Chronicle of Slave rebellions in the Americas.
All societies practicing slavery will have to deal with slave revolts because there is that desire for Freedom in any human being. One can express it in their songs or their story-telling nights. It becomes part of their culture and an art in knowing how to implant it to others with the same background.
History is full of examples of such revolts. When a Roman slave named Spartacus (73-71 BC) rose against abuses committed by the Roman Empire or a Scandinavian Slave Tunni, in the 9th century, revolted against the Swedish Monarchy, you can also understand well how the slaves of Santo Domingo, Bookman, Dessalines and others may have felt in the 18th century (1791) against the French Imperialism of Napoleon Bonaparte. The French revolution indeed bought to us the words of Liberty and Equality for all.
I have taken that task to bring to light the most distinctive slave revolutions in the Americas and chose to review some of the most epic African slave revolts which have marked forever the new world in this “Chronicle of African Slave revolts in the Americas”. I am sure you will find time to appreciate what our ancestors have done to make Haiti a free Nation for the Haitians.
This month, we will talk about the insurrection of the slaves against the Danish colonists in 1733-1734. It is amazing to feel how the sense of history is silent among people of all ages on this land of St Croix that I have been covering as an orthopedic surgeon for the last 6 months in a locum assignment. So many majestic sugar mills are standing abandoned, falling in ruins. There may be an effort to attract the tourist to at least acknowledge the existence of a past with slavery and the need to be conscious of their presence, but few are aware that the slaves were forced to build those structures and work in the production of sugar and cotton. The older you are, the more value you give to those structures and it is not too sure that the younger understand what conditions of life their ancestors were imposed to while working in these sugar mills to enrich the Empire of Denmark. I may one day talk more about the sugar mills, but today we will address the 1733 Slave revolt in St John (Sankt Jan) in the Virgin Islands.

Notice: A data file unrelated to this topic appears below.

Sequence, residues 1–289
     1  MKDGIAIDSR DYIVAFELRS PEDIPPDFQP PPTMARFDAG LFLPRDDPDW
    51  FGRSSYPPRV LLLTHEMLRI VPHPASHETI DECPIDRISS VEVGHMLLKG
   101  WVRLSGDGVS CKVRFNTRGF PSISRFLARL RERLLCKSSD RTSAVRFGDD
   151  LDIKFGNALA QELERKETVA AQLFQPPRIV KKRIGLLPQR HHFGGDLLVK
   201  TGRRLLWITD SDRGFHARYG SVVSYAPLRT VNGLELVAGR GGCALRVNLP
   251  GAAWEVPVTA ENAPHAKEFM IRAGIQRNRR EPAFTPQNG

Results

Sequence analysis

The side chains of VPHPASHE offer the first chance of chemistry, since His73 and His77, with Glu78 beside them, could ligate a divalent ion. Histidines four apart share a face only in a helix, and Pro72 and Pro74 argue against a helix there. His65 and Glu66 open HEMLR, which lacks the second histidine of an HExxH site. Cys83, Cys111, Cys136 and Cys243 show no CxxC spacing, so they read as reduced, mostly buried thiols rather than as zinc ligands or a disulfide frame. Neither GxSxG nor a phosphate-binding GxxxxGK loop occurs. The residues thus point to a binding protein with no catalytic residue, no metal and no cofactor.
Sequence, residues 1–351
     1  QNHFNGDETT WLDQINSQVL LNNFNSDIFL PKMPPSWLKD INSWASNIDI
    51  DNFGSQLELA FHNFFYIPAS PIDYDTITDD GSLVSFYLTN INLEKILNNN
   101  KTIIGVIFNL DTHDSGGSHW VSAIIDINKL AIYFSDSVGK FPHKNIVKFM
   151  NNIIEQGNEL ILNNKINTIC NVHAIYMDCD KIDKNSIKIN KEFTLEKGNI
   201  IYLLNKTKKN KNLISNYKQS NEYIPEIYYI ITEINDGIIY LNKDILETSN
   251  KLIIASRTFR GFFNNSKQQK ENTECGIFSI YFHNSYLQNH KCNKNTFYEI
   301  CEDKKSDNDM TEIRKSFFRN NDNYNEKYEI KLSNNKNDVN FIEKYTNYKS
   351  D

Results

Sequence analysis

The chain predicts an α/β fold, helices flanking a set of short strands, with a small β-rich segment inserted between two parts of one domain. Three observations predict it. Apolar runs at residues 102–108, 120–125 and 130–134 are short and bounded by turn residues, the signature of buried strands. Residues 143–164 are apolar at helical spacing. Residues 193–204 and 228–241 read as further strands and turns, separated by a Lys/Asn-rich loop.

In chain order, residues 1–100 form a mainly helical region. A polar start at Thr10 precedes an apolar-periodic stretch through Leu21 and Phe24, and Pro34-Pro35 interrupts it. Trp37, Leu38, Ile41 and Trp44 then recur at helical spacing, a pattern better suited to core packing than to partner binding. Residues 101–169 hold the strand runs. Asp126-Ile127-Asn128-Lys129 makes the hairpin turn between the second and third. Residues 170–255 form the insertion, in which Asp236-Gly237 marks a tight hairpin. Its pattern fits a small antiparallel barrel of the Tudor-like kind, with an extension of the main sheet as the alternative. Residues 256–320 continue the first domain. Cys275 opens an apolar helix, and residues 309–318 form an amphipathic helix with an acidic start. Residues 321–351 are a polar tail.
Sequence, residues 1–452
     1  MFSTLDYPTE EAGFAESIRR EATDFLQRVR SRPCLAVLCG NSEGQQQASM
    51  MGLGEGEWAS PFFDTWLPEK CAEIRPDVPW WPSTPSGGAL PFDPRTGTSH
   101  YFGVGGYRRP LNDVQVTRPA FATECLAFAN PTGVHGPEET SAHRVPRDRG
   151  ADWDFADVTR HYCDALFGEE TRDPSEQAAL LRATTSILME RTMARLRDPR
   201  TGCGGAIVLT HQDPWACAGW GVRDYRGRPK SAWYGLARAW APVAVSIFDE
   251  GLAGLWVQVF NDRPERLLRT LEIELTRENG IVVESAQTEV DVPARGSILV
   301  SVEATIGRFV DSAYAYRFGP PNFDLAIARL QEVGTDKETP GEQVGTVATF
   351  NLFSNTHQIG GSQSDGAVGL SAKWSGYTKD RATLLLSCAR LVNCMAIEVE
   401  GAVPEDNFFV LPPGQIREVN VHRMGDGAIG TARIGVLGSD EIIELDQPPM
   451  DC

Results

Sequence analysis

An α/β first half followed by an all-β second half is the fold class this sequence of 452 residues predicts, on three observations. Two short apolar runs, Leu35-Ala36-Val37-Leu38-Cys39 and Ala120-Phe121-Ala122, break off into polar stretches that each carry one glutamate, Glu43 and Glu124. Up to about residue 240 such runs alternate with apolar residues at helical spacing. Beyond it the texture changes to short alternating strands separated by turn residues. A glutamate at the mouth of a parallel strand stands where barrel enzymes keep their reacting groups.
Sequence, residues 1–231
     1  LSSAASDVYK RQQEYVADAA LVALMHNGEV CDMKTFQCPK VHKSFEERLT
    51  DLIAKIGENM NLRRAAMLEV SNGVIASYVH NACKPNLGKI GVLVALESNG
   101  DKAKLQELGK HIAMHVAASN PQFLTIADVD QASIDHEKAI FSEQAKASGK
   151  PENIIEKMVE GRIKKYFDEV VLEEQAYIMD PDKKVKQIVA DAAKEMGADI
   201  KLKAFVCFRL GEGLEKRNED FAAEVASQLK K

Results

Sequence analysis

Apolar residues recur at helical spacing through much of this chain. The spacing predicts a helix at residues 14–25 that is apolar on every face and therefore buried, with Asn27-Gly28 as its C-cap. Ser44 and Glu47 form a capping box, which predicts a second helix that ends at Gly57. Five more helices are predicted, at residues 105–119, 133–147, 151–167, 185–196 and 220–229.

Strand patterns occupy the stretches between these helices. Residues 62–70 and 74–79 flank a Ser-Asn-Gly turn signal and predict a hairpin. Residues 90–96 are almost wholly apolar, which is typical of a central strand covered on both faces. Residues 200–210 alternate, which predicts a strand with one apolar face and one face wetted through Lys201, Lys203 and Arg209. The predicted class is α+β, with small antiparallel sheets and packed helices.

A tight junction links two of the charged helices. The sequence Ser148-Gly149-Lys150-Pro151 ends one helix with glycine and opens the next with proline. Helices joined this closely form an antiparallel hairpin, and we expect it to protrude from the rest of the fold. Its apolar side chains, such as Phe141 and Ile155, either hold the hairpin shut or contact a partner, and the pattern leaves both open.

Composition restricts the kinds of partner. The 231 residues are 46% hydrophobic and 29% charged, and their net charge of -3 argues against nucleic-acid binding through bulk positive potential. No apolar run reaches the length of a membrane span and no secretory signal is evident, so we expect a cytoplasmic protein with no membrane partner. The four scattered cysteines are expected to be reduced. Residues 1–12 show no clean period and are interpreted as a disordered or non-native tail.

B) 1733 St John Slave Revolt
Danish Saint John
The 1733 slave insurrection in St John (Sankt Jan), Virgin Islands
23 November 1733- 25 August 1734
The island was then a possession of the Danish Empire. 150 African slaves originated from Ghana (AKWAMU) revolted against the owners and managers of the island’s plantations on November 23, 1733. This is believed to be one of the earliest slave revolt in the Americas which lasted until August 1734.
The Akwamu slaves captured the fort in Coral bay and took control of the island in the goal of resuming crop production under their own control while using other African slaves for manpower and slave labor. The planters did not give up and kept fighting until they re-gained back control of the island in May 1734 when the Akwamu slaves were defeated by hundreds of better–armed French and Swiss soldiers from the French colony of Martinique. They hunt down the maroons and put an end to the rebellion in August 1734.